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  • December 10, 2012

    Best Movies by Farr: Thomas Crown Affair

    by John Farr

    John Farr discusses Steve McQueen’s coolest film, directed by Norman Jewison.


    Thomas Crown Affair (1968)

    What It’s About:
    After suave tycoon Thomas Crown (Steve McQueen) plans and executes a bank robbery for his own amusement, crack insurance investigator Vicky Anderson (Faye Dunaway) is assigned to the case. As Crown and Anderson cautiously circle each other, suspicion mingles with the laws of attraction. Will romance or justice win the day?

    Why I Love It:
    This sleek, stylized movie’s chic trappings and star chemistry still comprise a winning formula. It’s fun to see the usually scruffy McQueen dressed to the nines in the title role, but Dunaway’s the revelation. Stacked up against the wily, macho Crown, Vicky is his match in looks, confidence, and brains, so the inevitable seduction feels balanced and mutual. “Crown” is a sexy, suspenseful cat-and-mouse game waged between equals, with a nifty surprise finish. Innovative split screen cinematography from Haskell Wexler and a romantic Michel Legrand soundtrack make this one of the top “sixties time capsule” films.

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  • November 15, 2012

    Best Movies by Farr: Zorba the Greek

    by John Farr

    John Farr discusses the multiple Oscar-winning movie starring Anthony Quinn, directed by Michael Cacoyannis.


    Zorba the Greek (1964)

    What It’s About:
    On his way to Crete to resuscitate a mine inherited from his father, buttoned-down British writer Basil (Alan Bates) meets Zorba (Anthony Quinn), a lusty, larger-than-life figure who agrees to handle the duties of foreman. Though oddly matched, the pair quickly become inseparable. Settling into Greek village life proves less felicitous, however, especially in the troubled relationships that Zorba and timid Basil cultivate with two local women.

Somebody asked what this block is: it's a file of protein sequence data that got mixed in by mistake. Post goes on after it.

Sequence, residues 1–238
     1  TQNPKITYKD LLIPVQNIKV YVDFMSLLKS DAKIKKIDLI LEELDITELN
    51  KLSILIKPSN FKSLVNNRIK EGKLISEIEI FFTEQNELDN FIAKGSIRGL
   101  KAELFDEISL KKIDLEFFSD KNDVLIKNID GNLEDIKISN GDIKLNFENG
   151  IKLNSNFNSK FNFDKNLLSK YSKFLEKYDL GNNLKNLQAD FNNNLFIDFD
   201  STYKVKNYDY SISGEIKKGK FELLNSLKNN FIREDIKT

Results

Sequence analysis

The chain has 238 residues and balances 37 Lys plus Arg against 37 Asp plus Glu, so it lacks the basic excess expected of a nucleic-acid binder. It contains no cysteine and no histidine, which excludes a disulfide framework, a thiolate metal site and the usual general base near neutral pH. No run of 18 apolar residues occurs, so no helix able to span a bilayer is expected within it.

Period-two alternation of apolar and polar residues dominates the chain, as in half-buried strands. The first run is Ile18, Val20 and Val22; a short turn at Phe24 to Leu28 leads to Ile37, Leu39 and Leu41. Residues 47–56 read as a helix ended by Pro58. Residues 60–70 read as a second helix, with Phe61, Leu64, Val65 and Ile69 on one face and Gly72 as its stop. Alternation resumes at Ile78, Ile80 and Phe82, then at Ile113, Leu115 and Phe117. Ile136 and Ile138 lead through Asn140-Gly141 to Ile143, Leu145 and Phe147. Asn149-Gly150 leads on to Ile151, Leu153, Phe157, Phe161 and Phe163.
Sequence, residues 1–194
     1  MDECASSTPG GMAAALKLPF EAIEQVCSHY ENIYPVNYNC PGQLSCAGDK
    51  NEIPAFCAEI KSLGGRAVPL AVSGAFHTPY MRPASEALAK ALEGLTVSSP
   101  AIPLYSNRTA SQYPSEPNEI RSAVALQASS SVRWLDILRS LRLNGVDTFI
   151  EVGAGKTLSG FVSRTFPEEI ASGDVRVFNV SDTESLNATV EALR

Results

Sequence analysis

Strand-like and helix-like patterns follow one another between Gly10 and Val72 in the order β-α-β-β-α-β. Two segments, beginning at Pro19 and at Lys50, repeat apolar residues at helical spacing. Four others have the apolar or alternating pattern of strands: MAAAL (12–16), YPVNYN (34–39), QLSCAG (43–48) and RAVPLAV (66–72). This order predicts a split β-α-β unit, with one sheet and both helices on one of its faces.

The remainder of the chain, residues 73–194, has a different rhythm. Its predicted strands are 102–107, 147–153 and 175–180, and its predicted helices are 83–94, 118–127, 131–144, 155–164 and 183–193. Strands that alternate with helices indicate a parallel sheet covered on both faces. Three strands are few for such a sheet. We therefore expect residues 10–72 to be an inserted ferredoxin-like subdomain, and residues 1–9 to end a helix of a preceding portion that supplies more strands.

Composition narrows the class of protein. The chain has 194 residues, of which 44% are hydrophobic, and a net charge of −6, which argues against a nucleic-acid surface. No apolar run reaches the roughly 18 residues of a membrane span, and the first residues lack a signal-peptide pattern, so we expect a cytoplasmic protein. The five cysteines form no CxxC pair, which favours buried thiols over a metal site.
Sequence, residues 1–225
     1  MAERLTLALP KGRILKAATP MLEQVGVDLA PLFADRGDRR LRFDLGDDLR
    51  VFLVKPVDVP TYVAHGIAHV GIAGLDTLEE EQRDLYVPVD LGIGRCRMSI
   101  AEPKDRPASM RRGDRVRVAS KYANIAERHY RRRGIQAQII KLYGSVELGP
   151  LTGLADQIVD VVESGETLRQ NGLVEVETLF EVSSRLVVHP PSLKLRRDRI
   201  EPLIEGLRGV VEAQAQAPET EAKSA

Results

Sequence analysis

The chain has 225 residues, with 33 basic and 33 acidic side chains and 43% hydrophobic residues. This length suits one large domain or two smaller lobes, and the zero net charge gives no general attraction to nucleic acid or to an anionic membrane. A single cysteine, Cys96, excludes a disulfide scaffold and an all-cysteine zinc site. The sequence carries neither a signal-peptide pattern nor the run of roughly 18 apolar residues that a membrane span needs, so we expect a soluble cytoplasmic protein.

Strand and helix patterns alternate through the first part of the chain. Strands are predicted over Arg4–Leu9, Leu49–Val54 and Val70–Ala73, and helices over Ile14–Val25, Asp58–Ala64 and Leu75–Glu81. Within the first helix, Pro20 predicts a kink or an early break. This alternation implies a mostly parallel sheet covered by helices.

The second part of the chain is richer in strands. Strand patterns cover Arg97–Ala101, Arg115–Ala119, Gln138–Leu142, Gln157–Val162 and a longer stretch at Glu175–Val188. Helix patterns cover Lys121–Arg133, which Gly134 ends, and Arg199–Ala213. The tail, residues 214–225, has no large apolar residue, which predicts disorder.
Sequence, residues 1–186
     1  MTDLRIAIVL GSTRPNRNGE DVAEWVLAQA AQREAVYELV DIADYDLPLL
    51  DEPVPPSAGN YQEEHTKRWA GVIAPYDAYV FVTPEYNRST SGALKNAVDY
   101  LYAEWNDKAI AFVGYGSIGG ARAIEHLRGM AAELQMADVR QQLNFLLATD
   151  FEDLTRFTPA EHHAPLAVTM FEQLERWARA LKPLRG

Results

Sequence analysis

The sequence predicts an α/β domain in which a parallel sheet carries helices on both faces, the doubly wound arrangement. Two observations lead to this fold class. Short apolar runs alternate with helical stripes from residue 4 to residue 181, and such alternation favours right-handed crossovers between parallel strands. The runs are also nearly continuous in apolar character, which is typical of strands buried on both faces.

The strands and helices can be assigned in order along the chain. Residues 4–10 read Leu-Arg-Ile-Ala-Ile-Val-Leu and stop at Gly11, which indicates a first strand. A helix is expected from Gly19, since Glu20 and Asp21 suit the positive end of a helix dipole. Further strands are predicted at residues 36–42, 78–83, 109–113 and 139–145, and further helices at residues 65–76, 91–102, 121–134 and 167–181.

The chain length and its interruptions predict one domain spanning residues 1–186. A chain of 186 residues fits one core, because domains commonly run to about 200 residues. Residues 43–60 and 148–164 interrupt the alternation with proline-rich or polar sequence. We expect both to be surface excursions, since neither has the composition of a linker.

Why I Love It:
    Based on the novel by Nikos Kazantzakis, the multiple Oscar-winning “Zorba” is all about Quinn’s indelible, galvanic performance. A bon vivant who exhorts Basil to “loosen your belt and go find trouble”, Zorba is a hurricane of manic energy and strapping muscularity, but also great tenderness. Bates portrays the cerebral, sissyish Basil with perfect restraint, while Oscar winner Kedrova (as ailing French hotelier Mme. Hortense) and Eleni Anousaki (as a stunningly gorgeous widow) provide excellent support as doomed love interests. Zesty and passionate, even in its darkest half-hour, Cacoyannis’s “Zorba” is an irresistibly salty portrait of Greek life.

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  • November 12, 2012

    Best Movies by Farr: Cop Land

    by John Farr

    John Farr discusses the best Sylvester Stallone movie, written and directed by James Mangold.


    Cop Land (1997)

    What It’s About:Half deaf Freddy Heflin (Sylvester Stallone) is sheriff of a quiet New Jersey suburb whose residents include a large percentage of New York cops, including local hot-shot Ray Donlan (Harvey Keitel). When a crime occurs on his turf involving Donlan and his other policeman buddies, Freddy investigates and is soon on to a conspiracy which could cost him his friendships and his life.